They have only ordinary help, colored help, making up orders and assorting merchandise. If they have two separate inventories of cigarettes, one with the tax stamps, and one without, and a truck driver gets on a truck to make a delivery, he might be the best intentioned person in the world, but somewhere along the line he is going to take tobacco with no stamps and deliver it to a District merchant. The merchant might pay the bill without even looking at the merchandise, and perhaps some clerk of his is going to sell those without the tax stamps affixed. And then the law provides that he is liable for a $1,000 penalty or a year in jail.

Seriously, the act, insofar as penalties are concerned, does not even require that any violation be willful or intentional. It just says the violation of the act; so if a person inadvertently, by carelessness, by the mistake of a new employee, makes a sale under those conditions, the employer is subject to criminal penalties.

Another problem is this: You mentioned before, Senator that there is no way of figuring specifically how much business is going to be lost by the application of a tax. All we do know—and we have tried to find out from other places, where the situation would be reasonably similar to what it will be in Washington—is that loss is


substantial. We know also that cigarettes are sold primarily as a loss leader. The wholesaler buys cigarettes at a cost of almost $1.33 a carton and sells them on the average at about $1.37 a carton.

In turn, the retailer, or some of the retailers, sell the cartons of cigarettes in this city for $1.39 and $1.41. There is just no profit in it.

In other words, it is used primarily to get people into retail stores with the idea that they will make other purchases.

The same idea is involved as in the recent starting of parking lots, with the idea that if people could park they would go in and buy things. Such a tax would drive a substantial portion of Washington's tobacco business into the nearby States. People, instead of buying cigarettes by the pack in Washington, will become accustomed to buying, or having friends and relatives and fellow employees buy cartons of cigarettes for them in the surrounding counties, which cigarettes would be free of the Washington tax.

It means reduced income tax. On top of that, it means less inventory required in the stores, and less inventories mean less payments of personal-property tax.

By the time you figure out the reduced income taxes, the reduced personal-property taxes, and the cost of handling the cigarette tax, the actual net gain in taxes is going to be very, very small.

Senator Cain. Our answer to your entire position is very clear and simple.

This joint committee wishes that it did not have to recommend any additional tax-raising measures. That is obvious. But in view of the fact that we are in need of considerable new moneys, we consider this whole tax problem, and we try to come out with what is the fairest imposition of taxes in the several fields. And still, at this time, we have no opinion as to your tax.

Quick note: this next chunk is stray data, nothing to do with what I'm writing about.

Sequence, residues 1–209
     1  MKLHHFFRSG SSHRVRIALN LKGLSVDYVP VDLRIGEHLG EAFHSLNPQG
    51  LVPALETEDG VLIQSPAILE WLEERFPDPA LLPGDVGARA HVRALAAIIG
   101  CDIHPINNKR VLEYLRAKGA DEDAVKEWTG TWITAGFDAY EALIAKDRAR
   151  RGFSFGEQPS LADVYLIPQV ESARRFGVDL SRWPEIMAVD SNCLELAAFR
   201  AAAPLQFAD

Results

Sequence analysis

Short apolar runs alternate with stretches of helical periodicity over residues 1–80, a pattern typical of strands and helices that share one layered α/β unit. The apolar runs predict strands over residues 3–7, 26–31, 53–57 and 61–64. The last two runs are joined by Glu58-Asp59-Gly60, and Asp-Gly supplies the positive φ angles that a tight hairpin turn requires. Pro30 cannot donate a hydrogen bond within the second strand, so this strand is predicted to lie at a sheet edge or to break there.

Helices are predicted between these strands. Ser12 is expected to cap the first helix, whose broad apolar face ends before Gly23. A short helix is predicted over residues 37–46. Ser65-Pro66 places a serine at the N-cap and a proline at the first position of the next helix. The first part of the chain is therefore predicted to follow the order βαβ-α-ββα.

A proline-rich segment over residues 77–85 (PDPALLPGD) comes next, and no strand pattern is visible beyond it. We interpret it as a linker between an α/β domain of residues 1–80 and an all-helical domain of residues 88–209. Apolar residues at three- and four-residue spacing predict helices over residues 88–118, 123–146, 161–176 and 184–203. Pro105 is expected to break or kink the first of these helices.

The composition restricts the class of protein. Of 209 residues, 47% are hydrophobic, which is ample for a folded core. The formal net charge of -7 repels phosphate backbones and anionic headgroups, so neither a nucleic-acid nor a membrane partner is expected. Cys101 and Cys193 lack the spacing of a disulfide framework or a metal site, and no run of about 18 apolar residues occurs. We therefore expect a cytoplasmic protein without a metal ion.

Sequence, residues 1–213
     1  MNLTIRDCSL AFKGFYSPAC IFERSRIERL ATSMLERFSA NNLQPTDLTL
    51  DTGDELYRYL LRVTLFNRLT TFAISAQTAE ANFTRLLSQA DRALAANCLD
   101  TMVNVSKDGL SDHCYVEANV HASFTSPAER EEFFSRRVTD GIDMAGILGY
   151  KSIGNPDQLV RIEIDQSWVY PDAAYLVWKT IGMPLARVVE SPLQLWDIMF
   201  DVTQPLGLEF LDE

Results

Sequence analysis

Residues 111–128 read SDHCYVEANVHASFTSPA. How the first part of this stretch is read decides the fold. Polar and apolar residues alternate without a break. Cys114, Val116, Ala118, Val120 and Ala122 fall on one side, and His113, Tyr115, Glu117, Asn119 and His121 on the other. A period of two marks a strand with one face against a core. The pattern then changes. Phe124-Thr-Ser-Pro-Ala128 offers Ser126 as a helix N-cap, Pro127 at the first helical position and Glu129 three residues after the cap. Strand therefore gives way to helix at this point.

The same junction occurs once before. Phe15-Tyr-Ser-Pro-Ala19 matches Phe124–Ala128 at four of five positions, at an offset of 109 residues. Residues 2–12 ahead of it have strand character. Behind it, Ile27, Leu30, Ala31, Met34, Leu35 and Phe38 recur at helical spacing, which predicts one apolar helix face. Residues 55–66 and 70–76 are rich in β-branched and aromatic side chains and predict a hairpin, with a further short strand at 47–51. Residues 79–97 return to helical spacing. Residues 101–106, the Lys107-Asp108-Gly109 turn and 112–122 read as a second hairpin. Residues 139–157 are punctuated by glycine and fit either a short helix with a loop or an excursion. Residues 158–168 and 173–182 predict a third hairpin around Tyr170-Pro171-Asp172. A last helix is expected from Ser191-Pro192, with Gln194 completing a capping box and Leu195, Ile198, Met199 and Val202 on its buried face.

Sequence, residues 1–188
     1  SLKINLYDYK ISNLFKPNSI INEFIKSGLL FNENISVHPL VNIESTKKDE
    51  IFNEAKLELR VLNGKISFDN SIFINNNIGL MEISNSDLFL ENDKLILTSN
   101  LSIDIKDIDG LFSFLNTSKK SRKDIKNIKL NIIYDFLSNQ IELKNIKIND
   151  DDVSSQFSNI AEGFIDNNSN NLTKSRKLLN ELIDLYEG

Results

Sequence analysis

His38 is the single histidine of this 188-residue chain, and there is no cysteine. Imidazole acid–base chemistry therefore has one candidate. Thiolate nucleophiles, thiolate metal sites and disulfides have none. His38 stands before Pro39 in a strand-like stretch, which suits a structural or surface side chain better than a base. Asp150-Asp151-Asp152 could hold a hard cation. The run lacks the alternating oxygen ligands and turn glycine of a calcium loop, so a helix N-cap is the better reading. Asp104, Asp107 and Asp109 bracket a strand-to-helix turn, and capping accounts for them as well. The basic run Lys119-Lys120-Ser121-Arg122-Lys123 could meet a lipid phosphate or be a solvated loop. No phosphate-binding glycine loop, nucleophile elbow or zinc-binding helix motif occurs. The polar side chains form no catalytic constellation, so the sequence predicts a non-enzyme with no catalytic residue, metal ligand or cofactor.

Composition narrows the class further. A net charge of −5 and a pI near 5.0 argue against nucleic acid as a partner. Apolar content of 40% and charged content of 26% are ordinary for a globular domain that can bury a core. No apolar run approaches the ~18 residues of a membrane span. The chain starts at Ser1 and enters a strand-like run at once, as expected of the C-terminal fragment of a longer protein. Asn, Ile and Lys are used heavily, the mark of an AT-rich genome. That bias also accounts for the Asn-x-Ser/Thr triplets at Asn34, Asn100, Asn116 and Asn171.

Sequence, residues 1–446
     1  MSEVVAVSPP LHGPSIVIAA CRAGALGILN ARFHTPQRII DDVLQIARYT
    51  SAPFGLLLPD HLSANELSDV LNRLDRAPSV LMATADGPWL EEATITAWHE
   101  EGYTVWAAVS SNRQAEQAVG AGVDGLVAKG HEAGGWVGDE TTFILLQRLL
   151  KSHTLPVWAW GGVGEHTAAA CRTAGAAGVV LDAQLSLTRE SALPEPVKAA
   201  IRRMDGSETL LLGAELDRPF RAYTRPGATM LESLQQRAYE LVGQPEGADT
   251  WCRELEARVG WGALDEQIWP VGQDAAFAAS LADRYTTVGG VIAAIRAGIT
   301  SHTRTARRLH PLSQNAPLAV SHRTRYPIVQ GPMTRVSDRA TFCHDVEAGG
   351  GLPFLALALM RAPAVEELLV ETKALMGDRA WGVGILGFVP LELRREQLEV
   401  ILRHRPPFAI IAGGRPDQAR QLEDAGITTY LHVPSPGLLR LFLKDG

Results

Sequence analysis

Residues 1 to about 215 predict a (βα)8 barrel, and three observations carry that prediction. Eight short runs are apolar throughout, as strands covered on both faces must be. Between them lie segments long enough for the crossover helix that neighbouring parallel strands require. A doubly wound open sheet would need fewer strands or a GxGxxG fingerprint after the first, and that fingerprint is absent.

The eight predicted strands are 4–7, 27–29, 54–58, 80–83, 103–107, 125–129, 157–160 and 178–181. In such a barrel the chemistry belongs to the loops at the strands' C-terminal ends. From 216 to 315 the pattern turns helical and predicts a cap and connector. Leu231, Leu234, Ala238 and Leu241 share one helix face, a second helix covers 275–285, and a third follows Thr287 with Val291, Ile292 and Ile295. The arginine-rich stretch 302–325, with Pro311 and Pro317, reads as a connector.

Mr. GOLDBERG. I understand your problem, I believe, but any tax that imposes a cumbersome burden on a small group of people, for the benefit perhaps of a large number, is certainly not equitable. On top of that, I think, to look at these things from a sensible standpoint, you are not worrying about the gross tax, but the net tax, when the other things are taken into consideration, such as the loss of personalproperty tax, and so forth, that I have mentioned.

So, instead of the $800,000 estimate, that might be reduced by 40 percent. Then, you have reduced income taxes and reduced personalproperty taxes against that, and you are liable to be left with a net gain of a quarter of a million dollars, after imposing this burdon and trouble.

There are so many problems involved in the thing that for the quarter of a million dollars that the city might gain, it is not worth it. It is not fair to the city as a whole, 'nor to the retail merchants, who are going to testify.

The only other thing I would like to do, Senator, is to leave for submission into the record a letter which Mr. W. C. Evans, who is the head of the Washington Tobacco Co. here, the biggest wholesale tobacco firm in the city, received a week or 10 days ago from a firm by the name of F. A. Davis Sons, of Baltimore, with reference to the working of the Baltimore tax and the workings of their business.

He had also prepared something in rough, because he thought he was going to submit a statement today. I would like to submit these.

Senator Caix. We will be glad to receive them, and we certainly know exactly where you stand and what your several criticisms are. The rest of the responsibility lies with us, as you will understand and appreciate.